Thursday, June 12th
Lamp Post, Jersey City

This might be for you if…
You liked Death Cab For Cutie until Zoe Deschanel got involved.

The Lamp Post is a sweet little dive bar in Jersey City. Unlike more polished venues like Maxwells or The Mercury, you can actually get up close and personal with artists who are developing their craft. No cover for this show. New Brunswick’s Sink Tapes are playing. So is Tri-State, friends of mine who you’ll want to check out if you like 90’s indi in the vein of Pavement, Built to Spill, or Archers or Loaf.

Tuesday, June 24th
The Saint, Asbury Park

This might be for you if…
You own a turntable.

Psyched for this show. I’m opening up for Wreckless Eric, who had a single come out in 1977 called “I’d Go The Whole Wide World”. Great fucking song. One of those songs that’s just so simple and pure. Kind of like Wild Thing or Louie Louie. And now you get a chance to see it live for just 12 bucks. Ron Santee is also playing, he’s a talented dude who is making a name for himself around Asbury Park. Amazing show, don’t miss it!


And there you have it. Pick a date, toss it on your calendar, and I’ll see you out there.


You Don’t Always Get To Choose

You don’t always get to choose.

But you always get to play.

Besides, life would be pretty boring if you always got your way, wouldn’t it?

There in between what you want and what you can’t have…

Well, there’s your story.



Recorded in a 2008 Toyota RAV4

A dress in the mail
A suit from the mall
Hung some crystals on trees
All we had was three days

Some nails and some wood
A few potted plants
Dad knew a judge
Who could help with the plan

This is where it all began
Under that willow branch

A few folding chairs
a bright autumn day
the boys cleaned up nice
uncle don brought a cake

john took some pictures
of us with our folks
jess caught the bouquet
paul gave a toast

This is where it all began
Underneath that willow branch
Hand in hand
We’ll start again
Underneath that willow branch



How To Be An Artist When You’re A Total Nobody 

I should know. I’m an artist. And a nobody.

But guess what? If you’re an artist, obscurity is your best friend.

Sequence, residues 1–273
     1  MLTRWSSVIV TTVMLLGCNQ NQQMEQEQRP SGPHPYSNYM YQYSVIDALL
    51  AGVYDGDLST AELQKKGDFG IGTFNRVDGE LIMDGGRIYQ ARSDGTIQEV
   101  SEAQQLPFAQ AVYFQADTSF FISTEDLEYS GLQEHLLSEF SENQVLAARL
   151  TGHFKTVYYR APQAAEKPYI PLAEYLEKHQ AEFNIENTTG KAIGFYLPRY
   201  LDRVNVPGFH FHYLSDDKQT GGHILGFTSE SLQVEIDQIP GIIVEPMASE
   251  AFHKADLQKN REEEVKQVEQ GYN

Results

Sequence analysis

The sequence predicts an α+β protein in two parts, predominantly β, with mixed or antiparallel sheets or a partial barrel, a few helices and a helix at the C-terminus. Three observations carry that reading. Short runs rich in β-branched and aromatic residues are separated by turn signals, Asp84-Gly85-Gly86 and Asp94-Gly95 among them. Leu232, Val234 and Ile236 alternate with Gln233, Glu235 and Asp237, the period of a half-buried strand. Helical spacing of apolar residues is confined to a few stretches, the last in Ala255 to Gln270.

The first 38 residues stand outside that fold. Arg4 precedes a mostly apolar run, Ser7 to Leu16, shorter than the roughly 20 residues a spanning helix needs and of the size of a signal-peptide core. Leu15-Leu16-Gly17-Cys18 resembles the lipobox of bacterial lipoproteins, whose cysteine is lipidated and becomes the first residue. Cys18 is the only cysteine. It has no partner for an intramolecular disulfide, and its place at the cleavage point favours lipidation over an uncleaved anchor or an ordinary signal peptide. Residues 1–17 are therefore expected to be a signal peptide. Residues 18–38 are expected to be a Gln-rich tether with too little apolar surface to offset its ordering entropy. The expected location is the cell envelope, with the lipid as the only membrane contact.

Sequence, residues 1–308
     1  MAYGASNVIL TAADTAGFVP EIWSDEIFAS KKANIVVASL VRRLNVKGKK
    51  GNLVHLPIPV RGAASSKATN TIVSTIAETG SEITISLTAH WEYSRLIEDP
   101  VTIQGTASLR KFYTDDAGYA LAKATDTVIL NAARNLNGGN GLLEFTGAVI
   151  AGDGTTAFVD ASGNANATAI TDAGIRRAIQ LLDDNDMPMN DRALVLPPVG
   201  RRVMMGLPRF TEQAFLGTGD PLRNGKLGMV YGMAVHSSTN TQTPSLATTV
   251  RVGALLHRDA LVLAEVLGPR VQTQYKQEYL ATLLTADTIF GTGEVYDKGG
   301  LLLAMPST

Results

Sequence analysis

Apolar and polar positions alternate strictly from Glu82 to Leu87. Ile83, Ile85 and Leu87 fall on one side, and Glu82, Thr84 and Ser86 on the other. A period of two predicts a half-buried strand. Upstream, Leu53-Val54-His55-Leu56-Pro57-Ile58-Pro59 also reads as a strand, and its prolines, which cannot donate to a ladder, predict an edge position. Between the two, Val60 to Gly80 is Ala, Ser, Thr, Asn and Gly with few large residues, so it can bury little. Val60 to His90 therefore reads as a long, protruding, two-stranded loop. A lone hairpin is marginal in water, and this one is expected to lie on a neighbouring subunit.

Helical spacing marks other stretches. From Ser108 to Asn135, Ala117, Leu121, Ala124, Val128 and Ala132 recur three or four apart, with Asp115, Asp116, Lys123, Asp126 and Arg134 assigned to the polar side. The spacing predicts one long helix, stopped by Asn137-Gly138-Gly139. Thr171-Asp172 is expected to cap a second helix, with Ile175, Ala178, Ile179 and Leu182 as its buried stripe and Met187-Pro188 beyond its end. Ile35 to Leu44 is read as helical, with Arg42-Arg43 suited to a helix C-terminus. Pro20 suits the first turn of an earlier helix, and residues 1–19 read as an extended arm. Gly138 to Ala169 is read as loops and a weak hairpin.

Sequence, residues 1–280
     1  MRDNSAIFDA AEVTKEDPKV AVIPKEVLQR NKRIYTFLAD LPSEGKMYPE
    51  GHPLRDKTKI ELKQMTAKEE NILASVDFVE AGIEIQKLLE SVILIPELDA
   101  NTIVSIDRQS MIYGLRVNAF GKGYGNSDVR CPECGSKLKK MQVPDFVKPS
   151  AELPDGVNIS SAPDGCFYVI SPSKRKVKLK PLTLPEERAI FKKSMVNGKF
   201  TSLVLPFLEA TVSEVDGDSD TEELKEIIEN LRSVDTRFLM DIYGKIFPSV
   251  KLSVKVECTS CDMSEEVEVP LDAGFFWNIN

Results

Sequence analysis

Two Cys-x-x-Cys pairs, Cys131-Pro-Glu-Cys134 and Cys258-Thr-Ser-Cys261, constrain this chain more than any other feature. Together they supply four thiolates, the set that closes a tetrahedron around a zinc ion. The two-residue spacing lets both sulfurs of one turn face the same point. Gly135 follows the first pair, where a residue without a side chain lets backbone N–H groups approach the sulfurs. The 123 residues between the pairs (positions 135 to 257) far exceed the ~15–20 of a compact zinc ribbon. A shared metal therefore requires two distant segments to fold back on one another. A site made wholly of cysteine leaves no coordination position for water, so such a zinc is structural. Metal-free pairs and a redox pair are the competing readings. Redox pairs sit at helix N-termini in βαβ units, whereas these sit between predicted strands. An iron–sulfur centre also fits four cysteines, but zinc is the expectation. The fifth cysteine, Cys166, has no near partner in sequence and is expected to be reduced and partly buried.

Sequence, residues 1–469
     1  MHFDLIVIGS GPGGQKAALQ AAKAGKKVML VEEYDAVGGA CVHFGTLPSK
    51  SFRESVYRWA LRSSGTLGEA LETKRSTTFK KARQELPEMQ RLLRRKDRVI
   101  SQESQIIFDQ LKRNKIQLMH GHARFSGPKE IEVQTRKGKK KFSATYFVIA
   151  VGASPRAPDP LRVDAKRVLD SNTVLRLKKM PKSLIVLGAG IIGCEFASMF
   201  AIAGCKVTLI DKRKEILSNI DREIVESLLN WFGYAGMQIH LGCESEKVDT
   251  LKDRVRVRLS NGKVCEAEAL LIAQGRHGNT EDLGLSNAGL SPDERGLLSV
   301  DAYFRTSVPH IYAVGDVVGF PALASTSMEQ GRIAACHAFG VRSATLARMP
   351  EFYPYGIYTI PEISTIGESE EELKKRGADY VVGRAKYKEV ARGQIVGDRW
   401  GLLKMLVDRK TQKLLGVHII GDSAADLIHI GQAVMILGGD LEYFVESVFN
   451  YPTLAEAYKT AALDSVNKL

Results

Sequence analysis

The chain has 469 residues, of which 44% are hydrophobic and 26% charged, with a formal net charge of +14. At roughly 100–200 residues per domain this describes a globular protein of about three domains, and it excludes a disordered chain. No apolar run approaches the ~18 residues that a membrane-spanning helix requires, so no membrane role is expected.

When you’re anonymous you can develop your art without answering to any expectations other than your own.

But to develop, you have to cash in every day.

What I mean by that is, you have to get today’s art out of yourself because tomorrow it will no longer be there.

One way to look at it: Magic Dollars

Your ability to make art is like a stack of magic dollars that disappear at midnight. You’ve got to spend them or your lose them. You’ll get new magic dollars tomorrow.

Another way to look at it: Speeding Train

Imagine yourself in an open field, looking at a freight train racing across your field of vision.

That train is your artistic identity.

Always moving, never the same.

If you sketch (write, sing, paint, invent, sculpt, design, build) the cars you see today, you capture who you are in this moment.

If you wait for better cars, they will surely never come.

The way you feel today is a thing.

Seize it and draw upon it! Melt it down and form it into something.

Do you think Springsteen could ever write another Darkness on the Edge of Town?

Of course not. But I bet he wishes he could.

Life moves forward, and our insides evolve with every day.

That’s why we have to always be taking pictures of what we see.

Every day, a snapshot.

Someday you will be wiser than you are right now, but you will have paid in innocence.

The innocence is what makes your art great.

Enjoy your innocence. Revel in your obscurity. Spend your magic dollars.